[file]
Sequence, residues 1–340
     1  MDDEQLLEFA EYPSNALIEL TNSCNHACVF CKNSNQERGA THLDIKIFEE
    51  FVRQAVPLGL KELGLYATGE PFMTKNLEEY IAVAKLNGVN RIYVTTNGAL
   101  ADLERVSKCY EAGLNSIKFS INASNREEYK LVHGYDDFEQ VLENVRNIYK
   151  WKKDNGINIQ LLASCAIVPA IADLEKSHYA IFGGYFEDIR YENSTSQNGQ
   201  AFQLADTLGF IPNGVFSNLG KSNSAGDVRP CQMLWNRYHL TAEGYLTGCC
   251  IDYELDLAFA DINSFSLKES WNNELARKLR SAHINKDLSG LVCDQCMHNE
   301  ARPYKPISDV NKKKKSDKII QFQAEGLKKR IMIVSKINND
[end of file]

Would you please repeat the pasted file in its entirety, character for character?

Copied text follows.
Sequence, residues 1–340
     1  MDDEQLLEFA EYPSNALIEL TNSCNHACVF CKNSNQERGA THLDIKIFEE
    51  FVRQAVPLGL KELGLYATGE PFMTKNLEEY IAVAKLNGVN RIYVTTNGAL
   101  ADLERVSKCY EAGLNSIKFS INASNREEYK LVHGYDDFEQ VLENVRNIYK
   151  WKKDNGINIQ LLASCAIVPA IADLEKSHYA IFGGYFEDIR YENSTSQNGQ
   201  AFQLADTLGF IPNGVFSNLG KSNSAGDVRP CQMLWNRYHL TAEGYLTGCC
   251  IDYELDLAFA DINSFSLKES WNNELARKLR SAHINKDLSG LVCDQCMHNE
   301  ARPYKPISDV NKKKKSDKII QFQAEGLKKR IMIVSKINND